Researchers at the Department of Physics at Lehigh University in the USA say they have developed a new technique for fine-tuning the colour emitted by LEDs in liquid crystal displays. The technique, which could enable the creation of a single-colour, tunable LED, is said to involve a combination of “doping” and changing the way electrical current is applied to the LEDs.
In their article “Color-Tunablility in GaN LEDs Based on Atomic Emission Manipulation under Current Injection”, the researchers led by professor Volkmar Dierolf explain that typical LCD displays are made up of a combination of red, green and blue LED subpixels that are arranged in close proximity to each other. The light from these pixels is then mixed together to cover the entire colour spectrum, they explain.
This technique works well enough, but the researchers say that LCD displays built with single colour tunable pixels could offer big advantages, the main one being a much higher pixel density, Display Daily, which first spotted the research, reported.
One of the problems the researchers needed to overcome was that materials previously used to try and build a single-colour tunable LED did not integrate well enough with existing LED technology. As such, their primary goal was to develop a technique for single-colour tuning that’s compatible with existing materials used in LEDs.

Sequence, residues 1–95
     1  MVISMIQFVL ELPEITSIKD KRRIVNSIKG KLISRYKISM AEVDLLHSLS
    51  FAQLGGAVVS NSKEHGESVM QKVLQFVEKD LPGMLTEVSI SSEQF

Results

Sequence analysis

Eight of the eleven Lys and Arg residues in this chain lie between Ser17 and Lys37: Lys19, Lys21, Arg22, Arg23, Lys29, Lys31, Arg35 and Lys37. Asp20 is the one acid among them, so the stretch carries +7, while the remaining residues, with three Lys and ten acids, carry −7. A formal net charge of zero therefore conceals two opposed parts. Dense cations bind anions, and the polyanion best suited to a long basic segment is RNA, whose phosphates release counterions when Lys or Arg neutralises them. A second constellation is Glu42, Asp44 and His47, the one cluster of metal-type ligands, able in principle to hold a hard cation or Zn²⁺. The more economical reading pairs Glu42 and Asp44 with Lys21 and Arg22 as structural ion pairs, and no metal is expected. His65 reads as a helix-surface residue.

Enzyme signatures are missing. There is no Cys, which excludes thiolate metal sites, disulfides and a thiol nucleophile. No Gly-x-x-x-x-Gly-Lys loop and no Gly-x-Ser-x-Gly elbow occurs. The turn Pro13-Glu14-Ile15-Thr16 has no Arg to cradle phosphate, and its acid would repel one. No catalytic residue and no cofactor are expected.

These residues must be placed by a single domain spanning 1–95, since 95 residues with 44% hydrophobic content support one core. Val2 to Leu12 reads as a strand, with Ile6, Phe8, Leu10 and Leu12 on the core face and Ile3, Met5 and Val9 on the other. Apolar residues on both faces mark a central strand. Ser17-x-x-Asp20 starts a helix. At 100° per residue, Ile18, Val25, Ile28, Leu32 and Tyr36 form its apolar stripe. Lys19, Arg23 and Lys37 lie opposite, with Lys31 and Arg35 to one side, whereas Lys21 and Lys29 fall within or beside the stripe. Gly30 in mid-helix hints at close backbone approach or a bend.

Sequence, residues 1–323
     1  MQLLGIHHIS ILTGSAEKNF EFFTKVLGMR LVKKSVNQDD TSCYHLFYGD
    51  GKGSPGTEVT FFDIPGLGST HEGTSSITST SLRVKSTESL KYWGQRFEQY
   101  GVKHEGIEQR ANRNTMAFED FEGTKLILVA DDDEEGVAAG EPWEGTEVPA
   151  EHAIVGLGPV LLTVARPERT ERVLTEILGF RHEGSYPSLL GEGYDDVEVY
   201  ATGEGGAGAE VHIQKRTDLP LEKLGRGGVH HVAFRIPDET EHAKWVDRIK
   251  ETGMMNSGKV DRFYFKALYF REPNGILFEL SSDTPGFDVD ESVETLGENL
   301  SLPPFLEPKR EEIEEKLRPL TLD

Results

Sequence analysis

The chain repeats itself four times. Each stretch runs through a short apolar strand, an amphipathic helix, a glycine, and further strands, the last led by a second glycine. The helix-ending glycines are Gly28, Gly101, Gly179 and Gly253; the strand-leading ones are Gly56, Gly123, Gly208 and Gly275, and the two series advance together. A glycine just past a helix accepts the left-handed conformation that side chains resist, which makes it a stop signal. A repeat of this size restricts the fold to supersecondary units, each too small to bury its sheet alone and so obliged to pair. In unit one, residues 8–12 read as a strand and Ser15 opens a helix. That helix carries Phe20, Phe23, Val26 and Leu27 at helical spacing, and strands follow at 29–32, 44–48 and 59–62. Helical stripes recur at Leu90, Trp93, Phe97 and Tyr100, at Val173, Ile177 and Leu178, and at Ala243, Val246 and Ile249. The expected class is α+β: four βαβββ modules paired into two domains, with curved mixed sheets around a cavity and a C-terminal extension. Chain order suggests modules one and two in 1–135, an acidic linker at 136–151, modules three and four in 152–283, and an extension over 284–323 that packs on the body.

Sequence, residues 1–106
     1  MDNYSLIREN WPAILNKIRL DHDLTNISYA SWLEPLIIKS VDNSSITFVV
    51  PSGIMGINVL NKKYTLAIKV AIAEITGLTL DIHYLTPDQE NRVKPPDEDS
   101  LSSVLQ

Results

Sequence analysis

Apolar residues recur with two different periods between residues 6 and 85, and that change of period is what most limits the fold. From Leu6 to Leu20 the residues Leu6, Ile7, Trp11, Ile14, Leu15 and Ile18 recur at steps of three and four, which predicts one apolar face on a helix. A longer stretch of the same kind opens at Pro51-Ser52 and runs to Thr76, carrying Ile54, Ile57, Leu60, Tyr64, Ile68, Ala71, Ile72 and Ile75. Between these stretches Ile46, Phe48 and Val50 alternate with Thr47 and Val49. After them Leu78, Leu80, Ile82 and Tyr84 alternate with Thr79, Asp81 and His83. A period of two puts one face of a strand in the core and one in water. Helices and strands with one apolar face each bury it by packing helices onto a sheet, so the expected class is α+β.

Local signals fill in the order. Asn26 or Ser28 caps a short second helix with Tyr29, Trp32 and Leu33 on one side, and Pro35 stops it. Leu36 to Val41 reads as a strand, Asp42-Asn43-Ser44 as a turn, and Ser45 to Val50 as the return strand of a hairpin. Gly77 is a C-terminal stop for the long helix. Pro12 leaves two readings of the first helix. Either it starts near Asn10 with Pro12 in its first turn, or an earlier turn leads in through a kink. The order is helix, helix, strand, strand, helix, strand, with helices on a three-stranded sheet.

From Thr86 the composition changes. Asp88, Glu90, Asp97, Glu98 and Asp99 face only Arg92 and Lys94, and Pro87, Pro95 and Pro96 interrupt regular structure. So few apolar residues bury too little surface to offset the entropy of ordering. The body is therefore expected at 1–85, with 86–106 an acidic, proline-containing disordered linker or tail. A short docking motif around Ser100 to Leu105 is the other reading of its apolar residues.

The researchers found that it’s possible to achieve red, green and blue light from a single LED structure when the material was “doped” with a rare earth metal called europium.
“Using intentional co-doping and energy-transfer engineering, the researchers demonstrated that all three primary colors can emit due to emission originating from two different excited states of the same Eu3+ ion (~620 nm and ~545 nm) mixed with near band edge emission from GaN centered at ~430 nm,” the report, which is obviously intended for a very specific audience, noted.
The researchers also found they were able to control the intensity ratios of the light emitted by the LEDs.
The researchers concluded that their “new approach could open up a whole new field of tunable emission of colours from a single dopant in semiconductors, which can be reached by simple injection current tuning.”